In the spirit of the main character of the book, I'm going to record some observations I made during my reading. When I do finally get around to Googling the book, I'll be curious to see how off I was in my hypothesis.

Spoilers Below

The book definitely brings the biblical symbolism. Area X has many of the properties you'd expect from the Garden of Eden. Multiple eco-systems are smooshed together and the boundaries of the space don't behave like physical dimensions.

When the biologist ingests the 'fruit' of the spores, like Eve, she doesn't die but has the vale of her surroundings lifted.

The words written on the wall have a biblical feel to them. The encounter with tower monster recalls the struggle prophets have had as they try to describe an encounter with the divine.

Yet the biologist is having none of this. She comes to Area X armed with a unique perspective. She's used to observing ecosystems from a safe distance, understanding that within an ecosystem chaos may may reign, while a broader view shows a different story. Her description of encountering a 'Destroy of Worlds' starfish encapsulates this well. The night may be calm and beautiful to her, but in the tide pool shared by the starfish, the world is collapsing.

The biologist manages to muster this perspective as she finds herself face to face with her own 'Destroyer of Worlds.' If you drop a philosopher in to Area X, you'd no doubt end up with a religious text. But because of the biologist's discipline, we're left with a series of observations that eschew the supernatural and focus on the facts.

Consider how she looks past the words written on the wall, uninterested in considering their meaning and possible implication as a divine message, and focuses on the biology that makes them possible. That would be like Moses ignoring the text of the Ten Commandments, instead focusing on the mechanism that etched letters into stone.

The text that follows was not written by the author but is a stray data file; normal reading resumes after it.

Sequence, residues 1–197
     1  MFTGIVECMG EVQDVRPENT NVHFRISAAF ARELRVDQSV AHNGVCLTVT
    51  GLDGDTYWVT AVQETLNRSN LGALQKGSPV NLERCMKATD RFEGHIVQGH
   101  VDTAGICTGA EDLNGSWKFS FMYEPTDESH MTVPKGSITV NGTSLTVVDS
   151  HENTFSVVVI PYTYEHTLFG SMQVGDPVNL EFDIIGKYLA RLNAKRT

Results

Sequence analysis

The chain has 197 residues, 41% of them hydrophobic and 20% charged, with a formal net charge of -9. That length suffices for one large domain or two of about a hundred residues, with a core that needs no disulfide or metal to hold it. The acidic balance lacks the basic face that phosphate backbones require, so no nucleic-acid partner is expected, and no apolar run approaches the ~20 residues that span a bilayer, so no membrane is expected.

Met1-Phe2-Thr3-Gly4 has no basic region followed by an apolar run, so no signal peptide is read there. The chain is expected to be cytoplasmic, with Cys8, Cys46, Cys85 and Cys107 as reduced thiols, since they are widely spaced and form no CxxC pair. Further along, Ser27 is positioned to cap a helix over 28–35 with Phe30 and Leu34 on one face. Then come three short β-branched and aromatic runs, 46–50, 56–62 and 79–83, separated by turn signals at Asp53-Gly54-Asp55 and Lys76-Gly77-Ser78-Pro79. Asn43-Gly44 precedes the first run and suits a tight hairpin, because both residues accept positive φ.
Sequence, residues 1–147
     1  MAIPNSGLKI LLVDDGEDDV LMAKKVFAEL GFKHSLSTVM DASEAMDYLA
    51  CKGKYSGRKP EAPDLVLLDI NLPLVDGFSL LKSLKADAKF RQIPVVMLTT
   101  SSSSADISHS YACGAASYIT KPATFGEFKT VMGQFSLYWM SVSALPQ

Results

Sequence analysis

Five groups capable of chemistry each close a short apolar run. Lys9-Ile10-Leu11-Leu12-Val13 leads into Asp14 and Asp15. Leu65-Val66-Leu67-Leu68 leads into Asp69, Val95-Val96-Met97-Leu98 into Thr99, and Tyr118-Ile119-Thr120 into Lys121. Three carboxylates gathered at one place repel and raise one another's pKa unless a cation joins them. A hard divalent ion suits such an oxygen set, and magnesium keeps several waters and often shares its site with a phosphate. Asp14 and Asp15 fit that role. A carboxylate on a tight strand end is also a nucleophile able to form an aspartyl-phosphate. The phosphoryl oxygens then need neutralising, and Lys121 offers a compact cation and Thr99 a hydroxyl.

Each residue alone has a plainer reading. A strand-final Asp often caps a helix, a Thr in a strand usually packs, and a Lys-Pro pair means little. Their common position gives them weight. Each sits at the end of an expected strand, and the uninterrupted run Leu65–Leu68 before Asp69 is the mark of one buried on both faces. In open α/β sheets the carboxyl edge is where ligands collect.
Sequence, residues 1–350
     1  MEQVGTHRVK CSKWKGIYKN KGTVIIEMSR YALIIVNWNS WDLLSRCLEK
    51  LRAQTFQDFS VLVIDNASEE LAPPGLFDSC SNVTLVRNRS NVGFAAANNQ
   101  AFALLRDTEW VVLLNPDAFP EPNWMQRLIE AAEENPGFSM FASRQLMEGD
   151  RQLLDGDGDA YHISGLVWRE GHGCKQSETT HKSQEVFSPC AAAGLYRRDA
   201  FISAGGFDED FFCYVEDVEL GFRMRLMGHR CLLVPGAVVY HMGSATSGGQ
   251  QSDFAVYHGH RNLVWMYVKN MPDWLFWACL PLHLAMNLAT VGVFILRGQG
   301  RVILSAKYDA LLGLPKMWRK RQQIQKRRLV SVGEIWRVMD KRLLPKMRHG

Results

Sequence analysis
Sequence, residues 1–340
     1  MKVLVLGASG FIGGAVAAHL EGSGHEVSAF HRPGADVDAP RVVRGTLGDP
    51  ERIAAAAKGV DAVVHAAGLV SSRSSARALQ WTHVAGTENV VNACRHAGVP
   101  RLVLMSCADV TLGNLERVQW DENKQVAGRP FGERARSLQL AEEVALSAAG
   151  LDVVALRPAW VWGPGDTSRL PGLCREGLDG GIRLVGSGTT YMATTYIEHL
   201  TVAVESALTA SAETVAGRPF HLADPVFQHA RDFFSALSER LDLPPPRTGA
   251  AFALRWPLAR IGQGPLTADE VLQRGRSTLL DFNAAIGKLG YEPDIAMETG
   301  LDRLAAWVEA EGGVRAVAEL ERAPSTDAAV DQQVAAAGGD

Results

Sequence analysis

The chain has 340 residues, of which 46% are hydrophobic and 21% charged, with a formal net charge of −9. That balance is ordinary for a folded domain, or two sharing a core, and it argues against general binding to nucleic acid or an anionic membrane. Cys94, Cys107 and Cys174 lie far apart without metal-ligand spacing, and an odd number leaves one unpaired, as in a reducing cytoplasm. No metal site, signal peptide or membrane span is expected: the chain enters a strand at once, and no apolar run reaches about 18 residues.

Philosophical ramblings aside, none of this actually explains what the heck is going on in Area X. Are things what they seem? Is this an alien life form that the government sends expeditions to explore; and does so cautiously because they are so over-matched by the creatures that inhabit Area X?

Surely there's more to it than that.

We know that far more expeditions have operated in Area X than the biologist was told. Are they perhaps in some sort of time loop, repeatedly exploring the same area? This may explain why new technology isn't added to the expeditions; it's the same set of expeditions over and over again.

And the biologist's husband refers to an area within Area X as the Southern Reach. Yet, the explorers are exploring on behalf of the Southern Reach. Is that a critical clue? Is all of the world engulfed by Area X and citizens don't know this yet. Or, is the name simply a coincidence.

Heck, is there even enough information in the text of book one to untangle Area X?

It's tempting to Google this all and find out what the Internet has to say. May plan is to stick with my information embargo until I get through the series. For now, I'm enjoying letting the mystery marinate.

Thursday, January 21, 2021

Hiking the Columbia Air Center Loop

While looking for family friendly local hikes, I came across the verbosely named Columbia Air Center Loop Hike through Patuxent River Park. It checked a number of key boxes: it's close by (only 45 minutes!), is a kid friendly distance (just 4 short miles!) and it's a loop. But what made this hike a must-do for me was the history of the location. 'Columbia Air Center' refers to the name of the air field that was operating on the grounds of the hike in the 1940's. It served the area's African American pilots because other air fields were whites-only. This article explains how the air field got its start: